“Jakada, what did you do? Bad dog!” I heard my wife, Leann, shout from the walk-in closet adjacent to our bedroom as our oldest Weimaraner darted down the hallway, his stump of a tail tucked between his legs. At that point, I knew Jakada had gotten into the closet and found something he considers tasty in the trash, making a mess along the way.
Well, one thing leads to another and instead of buying a trash can with a lid, we found ourselves in the midst of a closet renovation to completely conceal the trash can and anything else the dogs might get into. And why not? Like many of your customers, we’re convinced that the economy is in recovery and believe that updating our home is a good idea.
Phillip Ampel, of Atlanta Audio Consultants, uses a van wrapped with compelling imagery to promote his brand with great success.
Those of you who know me or have worked with me setting up trade shows or training sessions realize that I should never be on a ladder or allowed to operate a power tool. So our best solution for the closet retrofit was to hire a professional installer. Unfortunately, a quick Google search revealed so many installers in the Miami area that choosing one would be quite a hassle. Not looking forward to the task, I sent off a half-dozen e-mails and left several phone messages in an attempt to begin the appointment, consultation, design, and quotation process. That was on a Thursday.
By Saturday afternoon, I had received a few responses, but no one stood out. Because I had some chores to do, I headed to the neighborhood strip mall. After buying my groceries, I loaded the car, and began backing out of the parking space. I then noticed a van pulling into the space next to me. There was something special about it that grabbed my attention and immediately related to my desire for a remodeled closet. Pictured along the side of this clean E-Series van was a beautiful closet scene, just like the one that Leann and I dreamed about having in our home.
I didn’t even need to read the company name on the door to know that this was who I would likely contract to update our home. Glancing over the vehicle one more time, I noticed a contractor license number proudly placed on the front fender and felt confident to begin a discussion with the driver. I pulled my car back into the space, and as the driver exited the van I approached him. He explained that his company was a local closet renovation business and that he was familiar with my type of home. He even cited one of my neighbors as a reference. Guess who ended up getting the job?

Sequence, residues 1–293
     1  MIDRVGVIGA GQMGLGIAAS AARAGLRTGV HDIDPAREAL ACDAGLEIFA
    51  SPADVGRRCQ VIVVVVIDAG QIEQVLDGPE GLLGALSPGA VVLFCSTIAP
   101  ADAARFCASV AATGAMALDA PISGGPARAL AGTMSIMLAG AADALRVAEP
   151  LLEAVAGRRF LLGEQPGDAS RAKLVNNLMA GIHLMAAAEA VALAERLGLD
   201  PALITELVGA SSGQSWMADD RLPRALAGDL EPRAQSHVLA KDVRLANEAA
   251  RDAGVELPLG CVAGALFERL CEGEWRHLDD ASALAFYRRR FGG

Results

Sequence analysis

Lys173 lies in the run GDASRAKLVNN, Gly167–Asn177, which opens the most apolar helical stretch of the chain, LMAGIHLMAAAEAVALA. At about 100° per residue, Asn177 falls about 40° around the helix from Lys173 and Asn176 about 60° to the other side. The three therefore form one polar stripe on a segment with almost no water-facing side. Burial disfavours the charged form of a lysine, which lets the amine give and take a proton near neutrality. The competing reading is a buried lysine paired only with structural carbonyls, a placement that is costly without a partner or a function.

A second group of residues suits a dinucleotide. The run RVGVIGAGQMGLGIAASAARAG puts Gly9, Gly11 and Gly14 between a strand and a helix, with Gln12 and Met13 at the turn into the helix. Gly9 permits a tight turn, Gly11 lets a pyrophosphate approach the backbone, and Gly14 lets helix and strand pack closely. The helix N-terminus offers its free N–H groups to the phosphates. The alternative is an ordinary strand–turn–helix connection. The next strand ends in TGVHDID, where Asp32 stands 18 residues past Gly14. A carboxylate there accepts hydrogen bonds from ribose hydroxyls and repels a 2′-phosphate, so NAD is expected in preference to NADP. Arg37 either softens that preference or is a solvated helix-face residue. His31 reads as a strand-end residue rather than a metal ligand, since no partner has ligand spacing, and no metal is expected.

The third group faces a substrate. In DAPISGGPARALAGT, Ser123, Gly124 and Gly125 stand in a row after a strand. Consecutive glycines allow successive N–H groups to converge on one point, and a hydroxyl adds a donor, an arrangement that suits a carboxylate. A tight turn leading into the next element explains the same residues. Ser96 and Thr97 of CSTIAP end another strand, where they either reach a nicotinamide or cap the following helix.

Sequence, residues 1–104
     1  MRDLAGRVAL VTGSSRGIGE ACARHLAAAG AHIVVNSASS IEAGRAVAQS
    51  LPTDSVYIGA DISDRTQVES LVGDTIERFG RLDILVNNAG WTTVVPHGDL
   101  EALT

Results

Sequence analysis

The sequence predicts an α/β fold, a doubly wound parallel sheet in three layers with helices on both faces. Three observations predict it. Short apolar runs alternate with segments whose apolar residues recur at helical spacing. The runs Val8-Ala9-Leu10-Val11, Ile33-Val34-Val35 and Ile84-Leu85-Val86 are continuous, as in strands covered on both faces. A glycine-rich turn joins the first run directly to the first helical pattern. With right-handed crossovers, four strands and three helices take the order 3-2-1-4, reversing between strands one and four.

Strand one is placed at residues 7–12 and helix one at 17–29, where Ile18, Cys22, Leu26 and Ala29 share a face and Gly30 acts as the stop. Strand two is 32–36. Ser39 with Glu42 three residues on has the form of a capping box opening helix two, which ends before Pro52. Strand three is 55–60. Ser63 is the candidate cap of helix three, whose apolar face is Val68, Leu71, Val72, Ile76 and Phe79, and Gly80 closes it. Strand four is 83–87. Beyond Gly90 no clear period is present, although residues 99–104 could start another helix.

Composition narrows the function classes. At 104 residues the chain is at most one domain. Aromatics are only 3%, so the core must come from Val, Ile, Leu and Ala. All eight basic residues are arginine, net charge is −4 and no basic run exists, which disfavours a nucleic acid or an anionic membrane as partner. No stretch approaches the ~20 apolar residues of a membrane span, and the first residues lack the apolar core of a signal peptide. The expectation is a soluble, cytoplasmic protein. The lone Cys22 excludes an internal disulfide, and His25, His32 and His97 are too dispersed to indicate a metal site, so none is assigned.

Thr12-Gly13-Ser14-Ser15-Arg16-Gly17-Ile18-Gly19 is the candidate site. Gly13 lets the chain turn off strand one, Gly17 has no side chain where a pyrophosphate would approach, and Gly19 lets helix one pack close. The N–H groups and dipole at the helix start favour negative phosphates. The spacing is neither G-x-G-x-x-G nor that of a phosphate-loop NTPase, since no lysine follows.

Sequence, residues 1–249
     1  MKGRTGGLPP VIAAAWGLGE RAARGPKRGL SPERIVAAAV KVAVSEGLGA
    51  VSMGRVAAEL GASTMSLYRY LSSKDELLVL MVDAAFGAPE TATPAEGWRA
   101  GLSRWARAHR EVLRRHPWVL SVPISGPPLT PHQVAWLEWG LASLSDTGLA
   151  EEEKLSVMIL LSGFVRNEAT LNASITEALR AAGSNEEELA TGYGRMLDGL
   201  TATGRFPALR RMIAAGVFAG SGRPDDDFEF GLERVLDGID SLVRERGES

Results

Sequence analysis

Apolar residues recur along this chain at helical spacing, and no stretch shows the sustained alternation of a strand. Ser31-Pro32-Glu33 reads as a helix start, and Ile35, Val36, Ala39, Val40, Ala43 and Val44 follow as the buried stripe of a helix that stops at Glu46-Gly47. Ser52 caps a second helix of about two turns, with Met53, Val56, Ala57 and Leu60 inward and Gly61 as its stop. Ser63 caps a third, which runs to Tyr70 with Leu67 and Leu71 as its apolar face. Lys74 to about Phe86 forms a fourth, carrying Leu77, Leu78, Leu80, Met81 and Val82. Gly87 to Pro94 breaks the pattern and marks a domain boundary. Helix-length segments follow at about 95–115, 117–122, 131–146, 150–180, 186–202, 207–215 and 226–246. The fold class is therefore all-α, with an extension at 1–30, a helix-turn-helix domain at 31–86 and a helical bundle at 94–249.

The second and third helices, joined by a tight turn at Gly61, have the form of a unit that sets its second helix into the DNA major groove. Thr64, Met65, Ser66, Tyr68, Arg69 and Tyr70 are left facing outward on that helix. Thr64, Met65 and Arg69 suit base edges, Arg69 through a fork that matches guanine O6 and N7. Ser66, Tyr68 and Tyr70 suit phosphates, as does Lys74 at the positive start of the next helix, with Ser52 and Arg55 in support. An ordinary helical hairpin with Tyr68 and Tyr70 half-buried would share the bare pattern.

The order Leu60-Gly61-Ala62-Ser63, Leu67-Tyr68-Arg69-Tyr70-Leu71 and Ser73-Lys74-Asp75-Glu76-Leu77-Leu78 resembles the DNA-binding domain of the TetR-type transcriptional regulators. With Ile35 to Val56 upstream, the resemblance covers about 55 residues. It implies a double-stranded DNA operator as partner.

This experience was so powerful that I couldn’t help but share it with you in this article. It reminded me of visiting Phillip Ampel, a custom electronics integrator in the Atlanta area who is a member of the Niles Dealer Advisory Board. He too uses a van wrapped with compelling imagery and messaging to promote his brand with great success. In a conversation about effective marketing, Philip told me, “Having a van wrapped with the image of a beautiful home theater helps make the community aware of what my company does. The powerful graphic image I use positions my company ahead of the competition,” he added.
In my opinion, there isn’t a more cost-effective way for custom electronics installation companies to promote their service and brand than with vehicle graphics. Hey, you’ve got to use a van or a truck. Why not make it speak to your market and draw customers? But as in everything else, there are a few best practices to observe. Keep these tips in mind when outfitting your vehicle(s) with graphics:
1. Your vehicle is the first impression of your company. So make sure that the imagery and messaging appeal to your target customers. A simple- yet-clean image depicting the lifestyle you purvey, supported by few words, will do the trick. By keeping your messaging short and focused you will likely create a stronger impact among viewers. Busy is not better.
2. Effective vehicle wraps rely upon impressive design. Don’t be afraid to consult a public relations agency or design house for this. Alternatively, many of the companies that do vehicle wraps also provide design services. In the case of my closet installer, design was included in the $1,800 price he paid to wrap his van.
3. Use professional graphics. If you are using an image of one of your jobs, make sure a pro photographer shoots it. On the other hand, stock art is available at reasonable rates from online providers like Getty Images (gettyimages.com). As a third resource, consider asking one of your core vendors. At Niles, we’ve provided images to our Elite dealers under certain circumstances.
Mike “Sparky” Detmer is vice president of sales and marketing for Niles Audio.
4. You don’t need to wrap the entire vehicle to make a powerful impression. A good designer can use the color of your vehicle combined with spot graphics to keep costs down while getting your point across. One cost-effective technique employs blending text cut from vinyl lettering integrated with spot digital graphics.
5. Don’t wrap what you can’t see. Save your budget for the vertical surfaces that potential clients will see, such as the vehicle sides and back. Stay away from the roof of a van or the hood of a truck.
6. Shop around. Your clients get multiple quotes and so should you. There are a variety of companies in the graphics business that can provide you with quotes rapidly. And don’t be afraid to ask about financing. Some companies offer financial assistance and can arrange an installment plan so you get the immediate benefits of strong branding without paying for it all up front.
7. Drive politely. Once your vehicle is branded, you will be easily remembered by potential customers (and local officers of the law). So be sure that they have a good impression by always being a courteous driver.